Keeping teams working through conflict

NBC television’s The Office may be a comedy television series designed to keep its audiences in stitches, but for Inga Carboni it’s pure academic gold in her area of study.

“I love the show and use clips in my classes,” says Carboni, an assistant professor in the Mason School and expert in organizational behavior. “They help illustrate how groups form management coalitions, work out power issues, and communicate poorly.”

Although clips often produce laughter, the results of Carboni’s expertise are serious and play an important role in helping team members work together. She is particularly interested in understanding how groups manage issues related to productive and destructive forms of conflict.

“Productive conflict is when you’re debating ideas and you’re really task-focused and disagreeing about how it should be done or the direction a particular project should take,” Carboni explains. “Destructive conflict is when you start thinking the other person is a jerk.”

The latter type doesn’t propel projects forward, but the former, through vigorous debate and putting diverse perspectives on the table, is beneficial to any team or organization. “If you don’t have conflict you can’t innovate,” Carboni says. “The trick is to stimulate the conflict and not be afraid to disagree with each other, but be able to manage the inevitable tension.”

Carboni gets her points across in class by discussing common experiences in study teams. Most groups end up fighting, breaking into coalitions, grousing about slackers, and suffering the raised eyebrows of those who end up doing all the work. “The whole range of organizational behavior is all there,” Carboni says. “It’s a great way for students to learn how to live their professional lives.”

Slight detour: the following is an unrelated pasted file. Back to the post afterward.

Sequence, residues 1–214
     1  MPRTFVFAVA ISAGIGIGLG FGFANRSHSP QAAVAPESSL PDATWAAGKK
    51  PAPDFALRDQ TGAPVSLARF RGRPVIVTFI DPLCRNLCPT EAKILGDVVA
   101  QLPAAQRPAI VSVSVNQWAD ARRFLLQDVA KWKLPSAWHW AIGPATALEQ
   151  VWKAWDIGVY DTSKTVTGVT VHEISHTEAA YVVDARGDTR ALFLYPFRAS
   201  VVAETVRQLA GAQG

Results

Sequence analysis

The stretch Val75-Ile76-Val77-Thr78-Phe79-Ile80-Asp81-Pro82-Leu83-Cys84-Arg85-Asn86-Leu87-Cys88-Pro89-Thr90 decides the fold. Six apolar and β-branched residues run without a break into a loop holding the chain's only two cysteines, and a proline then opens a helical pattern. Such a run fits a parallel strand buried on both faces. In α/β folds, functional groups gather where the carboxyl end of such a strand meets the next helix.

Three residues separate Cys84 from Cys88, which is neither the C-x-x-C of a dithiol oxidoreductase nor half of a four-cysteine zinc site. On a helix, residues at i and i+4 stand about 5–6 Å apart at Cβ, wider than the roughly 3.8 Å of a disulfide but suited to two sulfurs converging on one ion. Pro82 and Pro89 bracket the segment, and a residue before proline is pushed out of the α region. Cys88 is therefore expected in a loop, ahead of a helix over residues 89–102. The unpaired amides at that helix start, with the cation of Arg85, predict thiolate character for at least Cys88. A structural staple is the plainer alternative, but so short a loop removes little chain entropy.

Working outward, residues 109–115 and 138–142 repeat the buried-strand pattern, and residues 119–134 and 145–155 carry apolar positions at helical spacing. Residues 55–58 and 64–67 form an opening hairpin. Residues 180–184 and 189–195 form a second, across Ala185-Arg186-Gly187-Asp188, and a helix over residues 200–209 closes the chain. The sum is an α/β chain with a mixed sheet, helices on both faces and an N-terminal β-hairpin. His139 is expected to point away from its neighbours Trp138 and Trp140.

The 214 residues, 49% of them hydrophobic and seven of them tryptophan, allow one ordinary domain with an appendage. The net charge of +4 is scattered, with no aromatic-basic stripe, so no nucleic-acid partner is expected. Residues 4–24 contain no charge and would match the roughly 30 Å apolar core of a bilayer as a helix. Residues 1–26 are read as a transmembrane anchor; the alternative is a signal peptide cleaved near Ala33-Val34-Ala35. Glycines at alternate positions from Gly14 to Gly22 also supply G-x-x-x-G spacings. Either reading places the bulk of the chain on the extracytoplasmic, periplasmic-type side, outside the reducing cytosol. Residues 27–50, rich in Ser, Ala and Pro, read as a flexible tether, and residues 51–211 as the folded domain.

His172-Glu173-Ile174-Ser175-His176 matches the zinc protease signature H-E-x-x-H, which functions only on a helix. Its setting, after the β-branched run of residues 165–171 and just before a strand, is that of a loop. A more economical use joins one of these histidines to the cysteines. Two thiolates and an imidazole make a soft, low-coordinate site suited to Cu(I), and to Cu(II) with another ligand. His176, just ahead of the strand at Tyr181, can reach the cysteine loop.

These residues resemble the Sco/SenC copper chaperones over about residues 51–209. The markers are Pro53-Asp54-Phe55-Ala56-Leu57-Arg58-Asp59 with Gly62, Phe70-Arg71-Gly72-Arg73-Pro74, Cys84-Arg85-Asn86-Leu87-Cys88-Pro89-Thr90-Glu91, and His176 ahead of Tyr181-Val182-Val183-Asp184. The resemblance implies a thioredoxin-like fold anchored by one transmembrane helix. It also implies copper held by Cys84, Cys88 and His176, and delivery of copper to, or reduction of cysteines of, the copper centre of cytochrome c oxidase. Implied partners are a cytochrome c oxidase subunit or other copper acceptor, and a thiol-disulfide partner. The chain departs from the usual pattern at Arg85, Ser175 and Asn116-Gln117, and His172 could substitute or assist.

Prior to pursuing her doctorate at Boston College, Carboni put her skills in marketing, management consulting, and project development to good use in a number of industries. Her work with groups and team projects fostered an interest in how people relate and what comes out of group endeavor.

Carboni’s current research focuses on social brokers, people who build bridges between conflicting groups in larger organizations. She seeks to understand the possible psychological and performance disadvantages they might experience and what unique sets of skills puts them into that social brokerage role.

Now in her third year at William and Mary, Carboni has taught undergraduate and graduate courses in management and psychology, including group dynamics, interpersonal relations, organizational behavior, and work-based experiential learning. The interdisciplinary nature of her field requires familiarity with a number of disciplines, including the latest in psychology and social psychology, social network analysis, and management literature. “That’s what I try to keep up with,” she says, laughing.

And, of course, there’s always an episode of Hell’s Kitchen that needs to be mined -- for her entertainment and for the classroom.

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